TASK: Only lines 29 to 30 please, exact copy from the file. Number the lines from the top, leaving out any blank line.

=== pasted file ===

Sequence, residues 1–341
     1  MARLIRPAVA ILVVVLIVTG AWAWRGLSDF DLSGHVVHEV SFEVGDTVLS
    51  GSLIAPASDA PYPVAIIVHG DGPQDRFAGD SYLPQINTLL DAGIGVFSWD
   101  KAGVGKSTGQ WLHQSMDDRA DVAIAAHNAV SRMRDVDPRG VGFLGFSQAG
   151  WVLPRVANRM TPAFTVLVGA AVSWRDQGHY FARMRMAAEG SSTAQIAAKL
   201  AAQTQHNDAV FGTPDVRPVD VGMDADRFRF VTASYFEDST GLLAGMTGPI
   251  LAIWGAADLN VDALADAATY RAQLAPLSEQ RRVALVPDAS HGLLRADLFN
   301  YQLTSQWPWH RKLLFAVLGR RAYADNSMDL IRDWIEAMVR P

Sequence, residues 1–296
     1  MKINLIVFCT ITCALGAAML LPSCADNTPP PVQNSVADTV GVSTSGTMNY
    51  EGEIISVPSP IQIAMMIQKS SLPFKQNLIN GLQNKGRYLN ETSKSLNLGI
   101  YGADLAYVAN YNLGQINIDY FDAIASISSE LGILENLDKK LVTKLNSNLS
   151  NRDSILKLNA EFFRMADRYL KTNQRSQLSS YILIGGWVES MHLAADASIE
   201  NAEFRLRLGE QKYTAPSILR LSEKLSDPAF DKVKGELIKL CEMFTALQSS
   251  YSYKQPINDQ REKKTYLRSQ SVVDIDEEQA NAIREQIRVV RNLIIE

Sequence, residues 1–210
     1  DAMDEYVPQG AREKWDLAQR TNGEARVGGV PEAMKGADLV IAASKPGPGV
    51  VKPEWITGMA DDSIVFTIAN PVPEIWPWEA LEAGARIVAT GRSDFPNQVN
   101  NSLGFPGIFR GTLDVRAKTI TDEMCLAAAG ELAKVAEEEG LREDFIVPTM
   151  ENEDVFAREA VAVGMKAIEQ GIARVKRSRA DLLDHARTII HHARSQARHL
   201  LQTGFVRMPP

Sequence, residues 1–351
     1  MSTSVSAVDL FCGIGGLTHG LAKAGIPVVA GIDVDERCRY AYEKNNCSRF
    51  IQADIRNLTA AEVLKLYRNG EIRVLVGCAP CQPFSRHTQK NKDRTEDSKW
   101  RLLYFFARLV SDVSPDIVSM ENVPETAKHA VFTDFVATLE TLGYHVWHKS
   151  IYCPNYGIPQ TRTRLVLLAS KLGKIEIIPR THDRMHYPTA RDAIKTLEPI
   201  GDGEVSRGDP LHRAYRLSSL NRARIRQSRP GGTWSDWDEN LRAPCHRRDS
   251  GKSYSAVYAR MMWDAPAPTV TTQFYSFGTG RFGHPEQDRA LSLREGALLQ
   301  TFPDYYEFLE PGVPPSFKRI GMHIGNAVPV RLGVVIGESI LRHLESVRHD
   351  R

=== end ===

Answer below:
   301  TFPDYYEFLE PGVPPSFKRI GMHIGNAVPV RLGVVIGESI LRHLESVRHD
   351  R